I studied 229 stations of the 347 within the DC area because only 229 stations observed at least one six-hour time block within their span of operation that resulted in an empty status. While not perfect, it still indicates that those 229 stations had periods of high demand relative to the remaining stations.
With a complete dataset in hand, I chose to compare the differences between empty and not for each station through a Bayesian estimation model. In non-data science terms, a Bayesian estimation model is simply a method of estimating the probability of an outcome, based on our prior belief and the data we observe. In this example, our belief is that the rate of bikes leaving neighboring stations is the same for when the station of interest is empty and when it’s not. Using our model, if we find that they are different, then that means the station of interest does see an increase in bikes leaving the neighboring stations when it goes empty vs. when it has bikes.
Which Stations Should Be Prioritized For Rebalancing?
Based on the results of my analysis, 87 of the 229 stations seemed to see an uptick in the number of bikes leaving neighboring stations as a result of emptiness at the origin station. In the visualization below, I display my findings.
Based on my findings, I noticed that the highest priority stations were ones with a high number of neighboring stations, that run out more than average (but not the most), and have similar rates of bike trips starting and ending. These stations are more likely to see unmet demand when they run empty, as evidenced by an uptick in neighboring station bike trips, so they should be prioritized for rebalancing. In order the top 5 stations were:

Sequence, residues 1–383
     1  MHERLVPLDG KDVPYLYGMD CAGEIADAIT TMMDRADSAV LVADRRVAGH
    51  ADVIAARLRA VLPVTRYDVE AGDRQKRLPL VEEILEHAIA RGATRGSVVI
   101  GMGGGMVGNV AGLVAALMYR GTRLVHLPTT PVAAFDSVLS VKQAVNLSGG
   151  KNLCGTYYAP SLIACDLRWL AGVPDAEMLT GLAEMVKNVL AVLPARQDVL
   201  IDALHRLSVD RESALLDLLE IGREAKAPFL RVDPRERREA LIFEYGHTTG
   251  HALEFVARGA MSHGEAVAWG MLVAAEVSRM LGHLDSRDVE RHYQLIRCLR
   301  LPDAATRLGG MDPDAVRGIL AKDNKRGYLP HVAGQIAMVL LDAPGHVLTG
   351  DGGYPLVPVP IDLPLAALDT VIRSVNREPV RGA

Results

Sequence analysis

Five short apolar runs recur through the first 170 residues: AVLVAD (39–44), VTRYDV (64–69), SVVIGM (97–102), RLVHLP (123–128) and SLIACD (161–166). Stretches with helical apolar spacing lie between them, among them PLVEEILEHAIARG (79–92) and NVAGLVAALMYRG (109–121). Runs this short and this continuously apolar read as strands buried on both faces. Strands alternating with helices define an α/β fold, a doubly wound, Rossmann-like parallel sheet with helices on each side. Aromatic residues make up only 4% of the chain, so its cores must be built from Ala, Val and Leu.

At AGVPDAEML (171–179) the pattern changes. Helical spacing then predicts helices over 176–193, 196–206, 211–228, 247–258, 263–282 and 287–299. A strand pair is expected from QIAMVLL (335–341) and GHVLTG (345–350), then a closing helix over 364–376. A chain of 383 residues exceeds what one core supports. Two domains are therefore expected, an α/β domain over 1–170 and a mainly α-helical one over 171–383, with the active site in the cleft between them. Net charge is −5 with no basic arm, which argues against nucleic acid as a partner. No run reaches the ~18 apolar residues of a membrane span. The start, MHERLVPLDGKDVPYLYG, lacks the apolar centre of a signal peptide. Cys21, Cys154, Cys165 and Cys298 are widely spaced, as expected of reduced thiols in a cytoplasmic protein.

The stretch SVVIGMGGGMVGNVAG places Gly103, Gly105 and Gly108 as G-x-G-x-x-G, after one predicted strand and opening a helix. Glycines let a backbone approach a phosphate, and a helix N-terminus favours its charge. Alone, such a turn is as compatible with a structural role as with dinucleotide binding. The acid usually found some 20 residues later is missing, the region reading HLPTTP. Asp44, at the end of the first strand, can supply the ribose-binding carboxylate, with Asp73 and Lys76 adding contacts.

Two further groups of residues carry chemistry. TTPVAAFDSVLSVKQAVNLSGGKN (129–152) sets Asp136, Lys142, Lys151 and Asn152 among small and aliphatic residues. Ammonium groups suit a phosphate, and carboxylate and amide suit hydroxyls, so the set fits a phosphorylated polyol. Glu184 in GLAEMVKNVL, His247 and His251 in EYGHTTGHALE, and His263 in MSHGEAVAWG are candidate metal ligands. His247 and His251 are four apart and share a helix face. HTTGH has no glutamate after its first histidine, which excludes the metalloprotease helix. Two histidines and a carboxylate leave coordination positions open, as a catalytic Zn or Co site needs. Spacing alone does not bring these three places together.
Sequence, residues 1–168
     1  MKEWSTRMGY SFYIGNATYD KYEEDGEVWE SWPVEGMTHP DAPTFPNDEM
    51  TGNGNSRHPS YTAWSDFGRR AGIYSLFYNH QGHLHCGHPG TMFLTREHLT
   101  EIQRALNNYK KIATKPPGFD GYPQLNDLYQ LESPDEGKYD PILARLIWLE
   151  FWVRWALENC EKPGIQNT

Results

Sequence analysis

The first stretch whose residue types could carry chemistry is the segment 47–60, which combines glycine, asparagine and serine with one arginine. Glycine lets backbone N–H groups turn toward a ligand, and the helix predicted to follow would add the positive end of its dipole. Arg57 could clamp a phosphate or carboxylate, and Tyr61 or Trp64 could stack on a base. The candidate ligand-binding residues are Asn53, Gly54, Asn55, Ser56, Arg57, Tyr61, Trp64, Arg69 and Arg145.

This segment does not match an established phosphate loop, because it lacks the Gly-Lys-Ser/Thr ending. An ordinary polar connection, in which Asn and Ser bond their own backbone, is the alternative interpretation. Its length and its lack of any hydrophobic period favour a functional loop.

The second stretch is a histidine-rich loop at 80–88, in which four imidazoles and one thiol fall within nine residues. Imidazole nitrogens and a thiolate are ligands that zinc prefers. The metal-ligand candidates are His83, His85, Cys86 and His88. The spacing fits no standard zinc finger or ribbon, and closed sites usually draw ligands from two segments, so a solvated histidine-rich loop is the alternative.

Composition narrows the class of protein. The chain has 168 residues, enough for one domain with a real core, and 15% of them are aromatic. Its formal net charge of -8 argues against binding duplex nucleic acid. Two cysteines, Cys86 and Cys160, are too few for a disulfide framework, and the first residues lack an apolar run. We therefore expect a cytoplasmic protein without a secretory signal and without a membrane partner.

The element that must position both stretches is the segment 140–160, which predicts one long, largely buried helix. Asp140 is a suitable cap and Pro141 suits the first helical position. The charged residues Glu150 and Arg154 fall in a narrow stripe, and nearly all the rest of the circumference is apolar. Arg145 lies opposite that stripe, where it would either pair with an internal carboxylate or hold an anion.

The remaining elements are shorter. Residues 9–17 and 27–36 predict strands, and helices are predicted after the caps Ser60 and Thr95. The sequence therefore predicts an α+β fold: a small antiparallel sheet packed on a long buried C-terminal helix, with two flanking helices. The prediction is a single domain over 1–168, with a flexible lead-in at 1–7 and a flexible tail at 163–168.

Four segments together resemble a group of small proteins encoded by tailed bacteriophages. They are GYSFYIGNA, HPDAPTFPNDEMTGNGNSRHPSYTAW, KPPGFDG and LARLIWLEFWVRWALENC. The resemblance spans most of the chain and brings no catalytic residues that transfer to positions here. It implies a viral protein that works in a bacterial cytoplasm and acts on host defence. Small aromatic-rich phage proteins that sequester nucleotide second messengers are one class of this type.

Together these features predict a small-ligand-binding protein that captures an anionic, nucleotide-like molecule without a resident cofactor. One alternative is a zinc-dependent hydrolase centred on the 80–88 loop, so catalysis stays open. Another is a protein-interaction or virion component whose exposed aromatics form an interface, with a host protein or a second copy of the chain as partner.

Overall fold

- 15th and F St NE
- Maryland Ave and E St NE
- 15th and W St NW
- California St and Florida Ave NW
- 8th and 0 St NW
While my analysis did include information on existing rebalancing procedures, I do believe that I uncovered some insights on rebalancing. If we performed this analysis on stations irrespective of rebalancing, it would be very clear that the stations that go empty the most should be prioritized for rebalancing. However, with rebalancing in mind and by studying the rates at neighboring stations, we can infer that the stations identified in this analysis are very deserving of rebalancing because their emptiness leads to unmet demand and extra pressure on neighboring stations. Furthermore, those stations typically have equal rates of replacement and removal, so when they do run out, they aren’t likely to see an uptick in replacement, like the more popular stations (Union Station and Dupont Circle) would.
In summation, there is certainly more analysis to be done, ideally on actual rates of fullness/emptiness. There clearly is some insight to be gained from this form of study and I’m hopeful that it can be used to improve the redistribution of bikes in the future.